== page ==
- We already understand that the result of the best model examined on the validation set is artificially boosted. This is why we need one more set of 50 tweets to play the role of the test set and give us reliable information about the quality of the best model.
You can find the flow of using the training, validation and test set in the image below:
Here are the two general ideas behind these numbers:
Put as much data as possible into the training set.
The more training data we have, the broader the look the models take and the greater the chance of training instead of overfitting. The only limits should be data availability and the costs of processing the data.
Put as small an amount of data as possible into the validation and test sets, but make sure they’re big enough.
Why? Because you don’t want to waste much data for anything but training. But on the other hand you probably feel that evaluating the model based on a single tweet would be risky. So you need a set of tweets big enough not to be afraid of score disruption in case of a small number of really weird tweets.
And how to convert these two guidelines into exact numbers? If you have 200 tweets available then the 100/50/50 split seems fine as it obeys both the rules above. But if you’ve got 1,000,000 tweets then you can easily go into 800,000/100,000/100,000 or even 900,000/50,000/50,000. Maybe you saw some percentage clues somewhere, like 60%/20%/20% or so. Well, they are only an oversimplification of the two main rules written above, so it’s better to simply stick to the original guidelines.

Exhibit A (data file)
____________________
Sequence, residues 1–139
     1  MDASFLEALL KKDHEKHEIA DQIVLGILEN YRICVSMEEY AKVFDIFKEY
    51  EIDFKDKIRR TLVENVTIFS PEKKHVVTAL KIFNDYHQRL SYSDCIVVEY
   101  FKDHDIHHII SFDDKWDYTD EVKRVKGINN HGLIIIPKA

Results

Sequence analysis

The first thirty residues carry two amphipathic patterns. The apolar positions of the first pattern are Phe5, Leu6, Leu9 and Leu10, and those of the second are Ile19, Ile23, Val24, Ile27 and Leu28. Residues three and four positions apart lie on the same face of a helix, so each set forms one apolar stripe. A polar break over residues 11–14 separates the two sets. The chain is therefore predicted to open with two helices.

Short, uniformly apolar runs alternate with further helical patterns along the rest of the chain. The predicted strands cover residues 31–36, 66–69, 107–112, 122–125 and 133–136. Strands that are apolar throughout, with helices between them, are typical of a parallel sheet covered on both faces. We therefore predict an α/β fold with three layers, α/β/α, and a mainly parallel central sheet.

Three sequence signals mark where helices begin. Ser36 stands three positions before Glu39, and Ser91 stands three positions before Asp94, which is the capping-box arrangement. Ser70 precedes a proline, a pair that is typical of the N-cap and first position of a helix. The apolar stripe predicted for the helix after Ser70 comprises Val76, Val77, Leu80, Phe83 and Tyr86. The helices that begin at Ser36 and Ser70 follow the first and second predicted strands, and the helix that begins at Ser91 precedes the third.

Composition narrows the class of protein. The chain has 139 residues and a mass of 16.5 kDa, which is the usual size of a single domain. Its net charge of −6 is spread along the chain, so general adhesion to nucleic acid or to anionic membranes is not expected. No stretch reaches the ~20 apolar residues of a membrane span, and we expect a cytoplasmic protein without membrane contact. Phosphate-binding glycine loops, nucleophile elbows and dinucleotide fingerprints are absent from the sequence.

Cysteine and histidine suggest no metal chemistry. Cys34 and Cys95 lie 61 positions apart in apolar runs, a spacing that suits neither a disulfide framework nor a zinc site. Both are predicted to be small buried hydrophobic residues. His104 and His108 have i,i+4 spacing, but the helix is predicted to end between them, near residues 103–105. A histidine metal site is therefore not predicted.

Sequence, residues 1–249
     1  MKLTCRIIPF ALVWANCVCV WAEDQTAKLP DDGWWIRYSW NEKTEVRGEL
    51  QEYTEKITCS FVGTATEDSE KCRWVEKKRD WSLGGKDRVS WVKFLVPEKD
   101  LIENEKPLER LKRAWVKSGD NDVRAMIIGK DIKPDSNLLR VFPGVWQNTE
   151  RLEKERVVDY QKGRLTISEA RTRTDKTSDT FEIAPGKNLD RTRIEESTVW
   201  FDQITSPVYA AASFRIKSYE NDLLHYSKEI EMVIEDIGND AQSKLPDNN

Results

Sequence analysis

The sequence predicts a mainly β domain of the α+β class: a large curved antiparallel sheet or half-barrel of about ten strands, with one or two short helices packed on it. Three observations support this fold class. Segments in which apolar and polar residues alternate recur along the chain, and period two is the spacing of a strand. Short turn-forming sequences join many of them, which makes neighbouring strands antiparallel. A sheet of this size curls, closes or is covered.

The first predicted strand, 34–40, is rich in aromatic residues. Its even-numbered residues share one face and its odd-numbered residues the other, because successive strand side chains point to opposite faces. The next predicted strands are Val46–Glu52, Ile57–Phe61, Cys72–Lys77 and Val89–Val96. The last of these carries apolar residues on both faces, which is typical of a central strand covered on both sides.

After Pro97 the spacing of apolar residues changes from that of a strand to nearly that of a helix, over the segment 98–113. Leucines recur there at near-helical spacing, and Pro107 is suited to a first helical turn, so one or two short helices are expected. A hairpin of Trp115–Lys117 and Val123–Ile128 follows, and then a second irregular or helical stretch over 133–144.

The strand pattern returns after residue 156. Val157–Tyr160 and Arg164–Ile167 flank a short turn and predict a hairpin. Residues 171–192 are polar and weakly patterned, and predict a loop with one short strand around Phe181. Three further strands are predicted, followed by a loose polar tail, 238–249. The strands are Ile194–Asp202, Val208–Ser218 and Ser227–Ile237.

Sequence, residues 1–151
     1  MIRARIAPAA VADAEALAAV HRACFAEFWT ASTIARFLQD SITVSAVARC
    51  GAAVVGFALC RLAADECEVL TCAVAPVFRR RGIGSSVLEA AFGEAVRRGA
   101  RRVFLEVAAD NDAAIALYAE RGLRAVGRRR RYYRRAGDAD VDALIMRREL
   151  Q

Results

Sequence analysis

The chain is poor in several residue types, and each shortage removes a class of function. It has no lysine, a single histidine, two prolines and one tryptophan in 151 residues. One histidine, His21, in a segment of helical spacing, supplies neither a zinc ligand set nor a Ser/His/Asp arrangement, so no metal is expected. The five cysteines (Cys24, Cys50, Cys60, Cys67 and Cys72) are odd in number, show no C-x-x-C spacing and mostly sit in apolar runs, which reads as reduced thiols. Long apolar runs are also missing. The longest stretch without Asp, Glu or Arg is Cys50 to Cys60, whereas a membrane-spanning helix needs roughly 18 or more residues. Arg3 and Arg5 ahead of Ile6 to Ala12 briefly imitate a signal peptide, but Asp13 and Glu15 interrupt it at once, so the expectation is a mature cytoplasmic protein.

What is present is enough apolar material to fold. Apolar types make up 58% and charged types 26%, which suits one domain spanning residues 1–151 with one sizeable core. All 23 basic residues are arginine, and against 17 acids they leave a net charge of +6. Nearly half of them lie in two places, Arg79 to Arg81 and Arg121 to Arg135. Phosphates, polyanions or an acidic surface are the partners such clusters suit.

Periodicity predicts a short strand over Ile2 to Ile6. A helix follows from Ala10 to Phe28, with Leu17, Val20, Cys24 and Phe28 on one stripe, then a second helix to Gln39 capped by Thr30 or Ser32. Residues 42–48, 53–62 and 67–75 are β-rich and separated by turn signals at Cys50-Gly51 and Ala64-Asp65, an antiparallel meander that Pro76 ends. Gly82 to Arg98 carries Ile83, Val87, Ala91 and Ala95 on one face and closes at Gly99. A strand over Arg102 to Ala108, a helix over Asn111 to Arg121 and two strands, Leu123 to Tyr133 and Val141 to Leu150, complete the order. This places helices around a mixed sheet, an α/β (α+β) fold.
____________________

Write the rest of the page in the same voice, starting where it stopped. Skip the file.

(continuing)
We believe this main rule appears clear to you at this point:
Use three different pieces of data for training, validating, and testing the models.
So what if this rule is broken? What if the same or almost the same data, whether by accident or a failure to pay attention, go into more than one of the three datasets? This is what we call data leakage. The validation and test sets are no longer trustworthy. We can’t tell whether the model is trained or overfitted. We simply can’t trust the model. Not good.
Perhaps you think these problems don’t concern our desert island story. We just take 100 tweets for training, another 50 for validating and yet another 50 for testing and that’s it. Unfortunately, it’s not so simple. We have to be very careful. Let’s go through some examples.
Assume that you scraped 1,000,000 completely random tweets from Twitter. Different authors, time, topics, localizations, numbers of reactions, etc. Just random. And they are in 10 languages and you want to use them to teach the model to recognize the language. Then you don’t have to worry about anything and you can simply draw 900,000 tweets for the training set, 50,000 for the validation set and 50,000 for the test set. This is called the random split.